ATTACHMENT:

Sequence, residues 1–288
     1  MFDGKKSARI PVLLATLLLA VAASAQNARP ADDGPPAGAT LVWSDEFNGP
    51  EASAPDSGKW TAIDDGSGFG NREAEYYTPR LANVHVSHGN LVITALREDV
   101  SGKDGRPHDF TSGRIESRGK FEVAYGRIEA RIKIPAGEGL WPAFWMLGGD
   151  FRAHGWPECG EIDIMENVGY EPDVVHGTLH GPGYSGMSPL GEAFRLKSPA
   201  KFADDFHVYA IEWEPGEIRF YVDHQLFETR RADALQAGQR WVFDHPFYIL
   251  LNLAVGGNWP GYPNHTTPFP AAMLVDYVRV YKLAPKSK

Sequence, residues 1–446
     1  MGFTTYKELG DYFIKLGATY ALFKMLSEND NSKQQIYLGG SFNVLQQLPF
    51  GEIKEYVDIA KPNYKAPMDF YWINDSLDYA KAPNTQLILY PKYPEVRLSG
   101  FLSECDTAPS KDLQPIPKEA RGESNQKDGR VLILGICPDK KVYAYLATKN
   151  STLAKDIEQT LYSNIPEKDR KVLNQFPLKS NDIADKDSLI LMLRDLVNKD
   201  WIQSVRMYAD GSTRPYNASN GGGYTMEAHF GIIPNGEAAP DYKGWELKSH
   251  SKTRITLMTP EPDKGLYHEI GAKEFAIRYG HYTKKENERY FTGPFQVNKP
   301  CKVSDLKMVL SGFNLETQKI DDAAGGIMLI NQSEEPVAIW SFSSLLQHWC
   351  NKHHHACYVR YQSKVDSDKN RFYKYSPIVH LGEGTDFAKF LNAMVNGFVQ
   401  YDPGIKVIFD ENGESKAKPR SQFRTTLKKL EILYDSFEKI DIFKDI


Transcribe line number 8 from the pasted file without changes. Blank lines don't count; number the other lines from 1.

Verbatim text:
Sequence, residues 1–446